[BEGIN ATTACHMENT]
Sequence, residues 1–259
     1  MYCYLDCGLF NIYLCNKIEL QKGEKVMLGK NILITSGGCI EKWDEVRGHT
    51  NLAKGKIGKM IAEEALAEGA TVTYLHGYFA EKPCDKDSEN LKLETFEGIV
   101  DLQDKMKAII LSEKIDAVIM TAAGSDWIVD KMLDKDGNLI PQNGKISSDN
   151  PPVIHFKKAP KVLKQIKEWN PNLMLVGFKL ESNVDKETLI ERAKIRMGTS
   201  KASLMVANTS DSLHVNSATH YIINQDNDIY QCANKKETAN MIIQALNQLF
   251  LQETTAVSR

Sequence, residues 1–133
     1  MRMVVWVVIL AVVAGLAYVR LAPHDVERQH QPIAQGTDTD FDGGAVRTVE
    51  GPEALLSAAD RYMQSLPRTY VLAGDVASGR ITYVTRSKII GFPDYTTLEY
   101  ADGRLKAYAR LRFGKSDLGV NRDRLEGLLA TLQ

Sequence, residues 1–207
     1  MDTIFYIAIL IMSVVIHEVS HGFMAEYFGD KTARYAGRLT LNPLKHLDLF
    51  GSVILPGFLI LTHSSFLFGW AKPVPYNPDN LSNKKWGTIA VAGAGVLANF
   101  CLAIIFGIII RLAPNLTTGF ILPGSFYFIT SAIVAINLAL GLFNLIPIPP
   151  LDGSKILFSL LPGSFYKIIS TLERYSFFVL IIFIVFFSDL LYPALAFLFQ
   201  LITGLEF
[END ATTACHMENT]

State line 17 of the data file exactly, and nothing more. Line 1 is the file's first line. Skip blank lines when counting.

   201  LITGLEF